The UK and Canada are innovative and aggressive in their pursuit of international education – reminding Australia that if we regard international education as “just a transaction and revenue opportunity”, we might see decline in future.
First, from the UK:
Ambitions to grow international student numbers by 30% and boost the economic impact of the industry to £35bn annually by 2030 are at the centre of the new UK International Education Strategy. This is huge!
Among the key points of the strategy is an extension of the post-study work visa “to ensure the UK continues to attract and welcome” international students, and plans to improve the visa process and support student employability. Warning Australia – improve the work prospects for international students or expect a backlash.
Other propositions include the appointment of a new International Education Champion to develop global partnerships, tighter collaboration across government department on international education policy and a call for sector groups to bid into the £5m GREAT Challenge Fund to promote the UK internationally.
Current UK numbers are 458,000 international students – increasing to 600,000 under the plan. That’s competition for Australia.
Second, to Canada:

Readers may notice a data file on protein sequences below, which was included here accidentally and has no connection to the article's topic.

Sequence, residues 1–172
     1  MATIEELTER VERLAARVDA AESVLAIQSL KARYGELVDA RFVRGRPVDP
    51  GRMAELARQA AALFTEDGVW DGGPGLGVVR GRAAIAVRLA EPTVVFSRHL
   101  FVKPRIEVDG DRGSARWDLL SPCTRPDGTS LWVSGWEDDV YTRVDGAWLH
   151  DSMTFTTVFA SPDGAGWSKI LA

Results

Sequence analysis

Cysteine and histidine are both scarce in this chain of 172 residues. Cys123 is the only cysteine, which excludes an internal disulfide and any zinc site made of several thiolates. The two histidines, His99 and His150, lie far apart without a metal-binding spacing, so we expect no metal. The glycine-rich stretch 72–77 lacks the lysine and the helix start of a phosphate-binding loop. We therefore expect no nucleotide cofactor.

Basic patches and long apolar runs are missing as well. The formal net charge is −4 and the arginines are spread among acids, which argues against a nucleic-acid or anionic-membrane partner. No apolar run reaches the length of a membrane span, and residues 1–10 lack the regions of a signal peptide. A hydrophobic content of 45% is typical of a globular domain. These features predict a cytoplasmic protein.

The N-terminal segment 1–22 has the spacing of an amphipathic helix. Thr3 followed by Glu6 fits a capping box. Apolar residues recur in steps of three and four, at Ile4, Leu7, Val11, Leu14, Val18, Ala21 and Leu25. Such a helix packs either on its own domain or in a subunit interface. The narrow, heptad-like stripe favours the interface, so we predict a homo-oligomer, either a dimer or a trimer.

The government proposes to invest CA$147m and $8m per year after that to support work and study opportunities abroad, with the development of an outbound student mobility program, and to promote Canadian education abroad with a focus on its quality. Love this combination!
“In an increasingly global economy and labour market, Canadian youth need to develop a range of skills. These include adaptability, fluency in more than one or two languages and inter-cultural skills—skills that are best fostered through international experiences, such as travelling, studying and working overseas,” the budget text read.
“The investment…will give more students – including those from marginalised backgrounds – the international study and work opportunities so highly sought by Canadian employers,” a Universities Canada spokesperson said.
What should Australia do?
- Improve employment rights for international students
- Use international students (paid) to teach us their language and culture
- Add value by increasing employability skills of international students
- See students as a long term resource, building a bridge to key economies
What are your thoughts?